But, she said, the no-tubing feature might be particularly helpful for some very active young kids. “A lot of small kids do use the tubed pumps, and you can make it work with a lot of kids, but with some kids it just won’t…the tubing gets caught. I think this really helps parents make the step. A lot of them don’t want to try the tubing whereas they see the Omnipod and might feel a little more confidence to try a pump.”
Overall, said Jacobsen, who has no financial disclosures with Insulet, Dexcom, or any of their competitors, “I think any addition to the technology field to improve quality of life for people with type 1 diabetes is important and people need choices.”
Pivotal Data Show Benefit in “Difficult to Manage“ Preschool Children
Pivotal 3-month data for the Omnipod 5 in children aged 2-5.9 years with type 1 diabetes were presented on June 26 by pediatric endocrinologist Jennifer Sherr, MD, PhD, Yale School of Medicine, New Haven, Connecticut.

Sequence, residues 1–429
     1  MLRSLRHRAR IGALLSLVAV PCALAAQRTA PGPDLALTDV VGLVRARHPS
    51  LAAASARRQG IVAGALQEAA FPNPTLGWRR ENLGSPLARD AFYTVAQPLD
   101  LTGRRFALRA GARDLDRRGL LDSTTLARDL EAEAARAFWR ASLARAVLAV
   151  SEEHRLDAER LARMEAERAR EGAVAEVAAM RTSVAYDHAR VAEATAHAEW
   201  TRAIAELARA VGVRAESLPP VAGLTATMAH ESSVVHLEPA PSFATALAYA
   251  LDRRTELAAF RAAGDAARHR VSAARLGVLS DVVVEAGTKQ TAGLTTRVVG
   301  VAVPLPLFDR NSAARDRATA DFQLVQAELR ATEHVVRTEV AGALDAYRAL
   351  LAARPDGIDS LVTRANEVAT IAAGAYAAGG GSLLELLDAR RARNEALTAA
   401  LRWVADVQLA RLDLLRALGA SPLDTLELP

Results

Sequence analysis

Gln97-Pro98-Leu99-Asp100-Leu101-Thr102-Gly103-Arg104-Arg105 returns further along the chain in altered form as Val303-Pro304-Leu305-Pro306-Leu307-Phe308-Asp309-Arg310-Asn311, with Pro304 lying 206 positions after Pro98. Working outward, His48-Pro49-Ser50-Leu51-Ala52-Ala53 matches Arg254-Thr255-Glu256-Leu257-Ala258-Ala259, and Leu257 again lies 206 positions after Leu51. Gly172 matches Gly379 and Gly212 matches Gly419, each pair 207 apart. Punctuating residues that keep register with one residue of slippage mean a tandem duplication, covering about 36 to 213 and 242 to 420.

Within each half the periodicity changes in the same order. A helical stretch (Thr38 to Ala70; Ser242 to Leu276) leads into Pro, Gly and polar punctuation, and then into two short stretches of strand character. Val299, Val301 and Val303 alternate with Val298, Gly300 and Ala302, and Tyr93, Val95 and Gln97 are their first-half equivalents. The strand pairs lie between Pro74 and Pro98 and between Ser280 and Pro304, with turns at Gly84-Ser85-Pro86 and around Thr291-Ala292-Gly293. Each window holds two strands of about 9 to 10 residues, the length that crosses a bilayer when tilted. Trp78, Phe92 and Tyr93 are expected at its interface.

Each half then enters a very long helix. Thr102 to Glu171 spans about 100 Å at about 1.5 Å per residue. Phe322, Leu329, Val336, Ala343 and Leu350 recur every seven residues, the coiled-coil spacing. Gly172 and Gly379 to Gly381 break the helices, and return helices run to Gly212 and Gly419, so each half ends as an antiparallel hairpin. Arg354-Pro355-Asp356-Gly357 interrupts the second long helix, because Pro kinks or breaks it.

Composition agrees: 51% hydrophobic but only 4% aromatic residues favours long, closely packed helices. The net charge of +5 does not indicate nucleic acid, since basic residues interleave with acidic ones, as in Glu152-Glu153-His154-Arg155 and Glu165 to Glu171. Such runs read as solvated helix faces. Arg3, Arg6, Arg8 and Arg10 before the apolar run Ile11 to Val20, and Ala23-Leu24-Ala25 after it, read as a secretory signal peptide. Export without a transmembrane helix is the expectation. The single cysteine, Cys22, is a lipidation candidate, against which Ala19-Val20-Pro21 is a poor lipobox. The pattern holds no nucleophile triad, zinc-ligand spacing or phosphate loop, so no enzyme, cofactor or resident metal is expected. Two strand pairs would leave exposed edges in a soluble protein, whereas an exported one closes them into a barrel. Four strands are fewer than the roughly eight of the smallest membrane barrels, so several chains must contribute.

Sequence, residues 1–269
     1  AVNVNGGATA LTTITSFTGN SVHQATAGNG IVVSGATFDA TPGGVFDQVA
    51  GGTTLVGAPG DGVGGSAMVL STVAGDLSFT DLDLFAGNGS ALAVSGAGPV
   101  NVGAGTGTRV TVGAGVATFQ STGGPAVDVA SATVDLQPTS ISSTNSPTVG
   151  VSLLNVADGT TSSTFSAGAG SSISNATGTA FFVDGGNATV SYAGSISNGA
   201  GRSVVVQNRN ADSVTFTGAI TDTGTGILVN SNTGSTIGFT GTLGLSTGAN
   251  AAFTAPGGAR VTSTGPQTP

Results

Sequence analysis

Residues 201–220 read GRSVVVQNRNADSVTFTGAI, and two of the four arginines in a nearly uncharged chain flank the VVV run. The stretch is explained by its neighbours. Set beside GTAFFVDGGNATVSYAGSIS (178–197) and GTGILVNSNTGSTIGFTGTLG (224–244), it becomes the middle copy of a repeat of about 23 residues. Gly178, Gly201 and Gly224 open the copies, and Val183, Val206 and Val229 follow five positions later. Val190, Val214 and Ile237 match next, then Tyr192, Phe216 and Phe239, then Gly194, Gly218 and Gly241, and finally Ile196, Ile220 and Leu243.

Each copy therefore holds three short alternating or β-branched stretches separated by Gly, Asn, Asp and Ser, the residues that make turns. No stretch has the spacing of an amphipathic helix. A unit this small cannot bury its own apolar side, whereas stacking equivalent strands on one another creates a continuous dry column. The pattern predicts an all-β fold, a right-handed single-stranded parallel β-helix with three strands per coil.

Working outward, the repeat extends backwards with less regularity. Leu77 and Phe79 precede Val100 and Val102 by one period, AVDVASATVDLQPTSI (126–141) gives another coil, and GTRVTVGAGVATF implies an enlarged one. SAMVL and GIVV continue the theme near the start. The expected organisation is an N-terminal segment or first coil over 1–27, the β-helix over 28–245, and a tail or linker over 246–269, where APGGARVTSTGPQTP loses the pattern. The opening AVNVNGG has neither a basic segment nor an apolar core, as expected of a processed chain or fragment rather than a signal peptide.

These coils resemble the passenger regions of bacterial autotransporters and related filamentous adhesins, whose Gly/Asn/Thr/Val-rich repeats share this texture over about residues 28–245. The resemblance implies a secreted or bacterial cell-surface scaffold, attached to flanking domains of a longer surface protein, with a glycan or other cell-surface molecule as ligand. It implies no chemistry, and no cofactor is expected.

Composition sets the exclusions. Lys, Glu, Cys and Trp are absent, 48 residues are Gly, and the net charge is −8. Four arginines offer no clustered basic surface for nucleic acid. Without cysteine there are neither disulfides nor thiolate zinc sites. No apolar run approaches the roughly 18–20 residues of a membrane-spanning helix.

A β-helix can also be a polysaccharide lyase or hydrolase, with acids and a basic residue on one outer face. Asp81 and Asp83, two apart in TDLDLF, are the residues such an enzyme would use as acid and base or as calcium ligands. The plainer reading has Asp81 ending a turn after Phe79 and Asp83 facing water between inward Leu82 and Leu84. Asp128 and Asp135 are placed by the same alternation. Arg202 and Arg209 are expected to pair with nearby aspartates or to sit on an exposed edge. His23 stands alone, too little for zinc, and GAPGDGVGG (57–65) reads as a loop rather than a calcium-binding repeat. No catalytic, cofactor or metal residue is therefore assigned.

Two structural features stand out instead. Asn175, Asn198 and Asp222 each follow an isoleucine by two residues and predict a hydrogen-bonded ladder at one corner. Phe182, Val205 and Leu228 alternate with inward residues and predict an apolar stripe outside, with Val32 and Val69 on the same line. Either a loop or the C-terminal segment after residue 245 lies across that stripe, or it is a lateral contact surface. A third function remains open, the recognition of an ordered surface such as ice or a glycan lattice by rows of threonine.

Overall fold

“As a pediatric endocrinologist, I can attest to the difficulty of managing this age group, due to grazing eating patterns and erratic physical activity. Oftentimes, care providers may fear hypoglycemia as these youth can not verbalize or self-treat lows,” she remarked.
A total of 80 children were enrolled at 10 institutions across the United Sates. There was a single 14-day standard therapy phase (baseline), followed by 3 months of automated insulin delivery during which the children’s eating and exercise were unrestricted.
At 3 months, average A1c had fallen from 7.4% at baseline to 6.9%, a significant difference (P < .05). The proportions achieving the target A1c of less than 7% were 54% at 3 months versus 31% at baseline. The reduction was even greater among the 25 with baseline A1c of 8% or greater, although it was significant even among the 55 who started with a lower A1c (–1.06 vs –0.31 percentage points; both P < .05).
Time in range rose from 57.2% at baseline to 68.1% at 3 months (P < .05).
“These youngsters are spending an average of 2.6 more hours/day in range,” Sherr commented, noting that the difference became apparent shortly after study start and was maintained during the 3 months.